‘Advisable for management bodies of high-rise residences to abide by act’

Siti: Residents can still sue under tort due to defamation as a result of their details being leaked.

EXPERTS are conflicted on whether the Personal Data Protection Act 2010 (PDPA) binds management bodies of high-rises from disclosing details about residents who contracted Covid-19.

Following a StarMetro report on Feb 24 on the privacy aspect of such residents, several quarters said it was unclear if the PDPA was applicable.

All of them, however, discouraged disclosure of such information.

National House Buyers Association honorary secretary-general Datuk Chang Kim Loong said the PDPA made no mention of joint management bodies (JMBs) and management corporations (MCs).

“PDPA only applies to the processing of personal data with regards to commercial transactions, which may include goods, services, investments, financing, banking and insurance.

“JMBs and MCs are non-profit organisations that do not conduct commercial activities, ” he said, adding that they should still refrain from disclosing details of Covid-19 positive residents to avoid them being stigmatised.

Petaling Jaya city councillor Derek Fernandez said the definition of “commercial transactions” contained in the act covered a wide variety of activities, which could include those carried out by management bodies.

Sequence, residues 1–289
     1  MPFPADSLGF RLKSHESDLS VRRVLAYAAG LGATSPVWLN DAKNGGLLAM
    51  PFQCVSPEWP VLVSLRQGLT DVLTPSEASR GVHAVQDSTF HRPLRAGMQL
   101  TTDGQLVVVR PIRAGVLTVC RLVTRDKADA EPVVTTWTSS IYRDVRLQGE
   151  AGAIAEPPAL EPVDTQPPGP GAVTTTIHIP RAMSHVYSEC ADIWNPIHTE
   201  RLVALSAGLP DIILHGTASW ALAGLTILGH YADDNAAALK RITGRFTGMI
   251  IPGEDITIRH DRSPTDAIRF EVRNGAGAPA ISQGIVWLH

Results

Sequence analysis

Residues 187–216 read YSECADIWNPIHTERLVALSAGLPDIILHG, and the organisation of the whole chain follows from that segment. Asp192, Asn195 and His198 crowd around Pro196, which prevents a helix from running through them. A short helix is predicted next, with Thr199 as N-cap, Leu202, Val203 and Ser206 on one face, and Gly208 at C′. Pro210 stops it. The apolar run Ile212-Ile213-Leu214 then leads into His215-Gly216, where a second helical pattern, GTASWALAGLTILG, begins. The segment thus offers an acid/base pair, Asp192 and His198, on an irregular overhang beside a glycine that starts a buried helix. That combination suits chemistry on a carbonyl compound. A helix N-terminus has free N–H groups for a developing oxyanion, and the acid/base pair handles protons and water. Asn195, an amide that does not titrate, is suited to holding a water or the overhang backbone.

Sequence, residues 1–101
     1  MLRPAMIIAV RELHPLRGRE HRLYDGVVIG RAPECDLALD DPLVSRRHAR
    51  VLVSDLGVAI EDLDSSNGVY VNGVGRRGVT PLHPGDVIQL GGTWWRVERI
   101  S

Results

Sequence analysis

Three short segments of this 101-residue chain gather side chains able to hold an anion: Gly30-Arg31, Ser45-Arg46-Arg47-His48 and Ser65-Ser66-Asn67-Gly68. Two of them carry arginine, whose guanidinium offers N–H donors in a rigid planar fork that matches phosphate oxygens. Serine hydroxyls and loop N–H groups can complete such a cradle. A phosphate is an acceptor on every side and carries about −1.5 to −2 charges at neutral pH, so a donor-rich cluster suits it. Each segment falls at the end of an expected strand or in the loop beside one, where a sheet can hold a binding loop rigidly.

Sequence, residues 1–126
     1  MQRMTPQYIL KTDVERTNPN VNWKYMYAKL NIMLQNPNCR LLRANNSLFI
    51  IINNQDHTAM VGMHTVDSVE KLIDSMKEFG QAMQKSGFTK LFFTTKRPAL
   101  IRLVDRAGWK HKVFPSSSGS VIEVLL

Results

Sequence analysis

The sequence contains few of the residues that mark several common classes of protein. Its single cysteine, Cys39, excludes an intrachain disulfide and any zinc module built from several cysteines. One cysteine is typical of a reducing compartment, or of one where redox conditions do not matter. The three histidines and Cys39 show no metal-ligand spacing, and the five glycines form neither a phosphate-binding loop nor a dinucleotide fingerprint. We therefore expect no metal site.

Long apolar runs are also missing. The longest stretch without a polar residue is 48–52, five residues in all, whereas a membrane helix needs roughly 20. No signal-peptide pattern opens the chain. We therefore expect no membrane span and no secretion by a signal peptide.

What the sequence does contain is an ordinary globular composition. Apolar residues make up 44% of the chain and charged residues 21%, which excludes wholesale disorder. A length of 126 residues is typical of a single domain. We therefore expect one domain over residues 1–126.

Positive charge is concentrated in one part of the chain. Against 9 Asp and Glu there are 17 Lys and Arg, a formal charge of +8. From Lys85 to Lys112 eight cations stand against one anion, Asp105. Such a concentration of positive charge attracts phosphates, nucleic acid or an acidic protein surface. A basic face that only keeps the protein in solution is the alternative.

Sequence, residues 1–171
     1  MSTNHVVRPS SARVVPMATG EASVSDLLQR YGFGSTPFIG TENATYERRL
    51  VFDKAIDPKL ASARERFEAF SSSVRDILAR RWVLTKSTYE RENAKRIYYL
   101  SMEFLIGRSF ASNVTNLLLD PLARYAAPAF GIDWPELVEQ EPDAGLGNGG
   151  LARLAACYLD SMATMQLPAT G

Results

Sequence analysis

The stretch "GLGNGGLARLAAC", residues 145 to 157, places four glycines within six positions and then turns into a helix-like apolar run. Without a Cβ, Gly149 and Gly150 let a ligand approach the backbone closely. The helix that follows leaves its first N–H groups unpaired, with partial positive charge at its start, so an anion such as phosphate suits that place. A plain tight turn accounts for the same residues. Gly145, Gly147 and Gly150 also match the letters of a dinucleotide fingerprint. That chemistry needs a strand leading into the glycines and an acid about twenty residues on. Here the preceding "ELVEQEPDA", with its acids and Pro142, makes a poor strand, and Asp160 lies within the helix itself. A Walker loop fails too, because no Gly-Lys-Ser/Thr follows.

“One of the things covered under it is the provision of service.

“Since JMBs and MCs collect a monthly maintenance fee to service the building, it could be argued that they are involved in a commercial transaction and therefore covered by PDPA.

“This matter needs to be clarified by the government, ” he said.

Bar Council Intellectual Property Committee co-chairperson Foong Cheng Leong said it was unclear if management bodies were involved in the processing of personal data for commercial purposes.

“There are different views to this. Nevertheless, there is no blanket exemption for JMBs and MCs.

“In light of this uncertainty, it’s advisable for them to comply with the PDPA.

“In any event, disclosure of information of residents with Covid-19 is highly discouraged as it could breach the PDPA and even amount to an invasion of privacy, ” he said.

When contacted, human rights lawyer Siti Kasim said PDPA only applied if management bodies collected residents’ data for commercial transactions.

“If they’re not collecting data for commercial purposes, then PDPA does not apply.

“However, the residents can still sue them under tort due to defamation as a result of their details being leaked, ” she said.

The Housing and Local Government Ministry, in a statement to StarMetro, said JMBs and MCs were bound by the PDPA not to disclose the identity of Covid-19-positive residents.

“It will suffice for them to inform residents of only the blocks where Covid-19 cases were confirmed.

“This is to ensure that residents remain vigilant against transmission of the virus, ” it said.

Article type: metered
User Type: anonymous web
User Status:
Campaign ID: 1
Cxense type: free
User access status: 3
Subscribe now to our Premium Plan for an ad-free and unlimited reading experience!

Next In Metro News

Dicing with danger
RM1.47mil to fix damaged slope
‘PJD Link concessionaire yet to submit assessment reports’
Design of flood barrier along LKSA highway to be finalised
Abang Johari: RM2.3mil allocated to restore degraded forest landscapes
Aiming to attract more Muslim tourists to Taiwan
Subang Jaya bags green neighbourhood award
Unanimous call for unity, stability
Company gives RM10,000 towards Star Foundation’s charitable causes
Jazz festival aims to put KL in spotlight this weekend

Others Also Read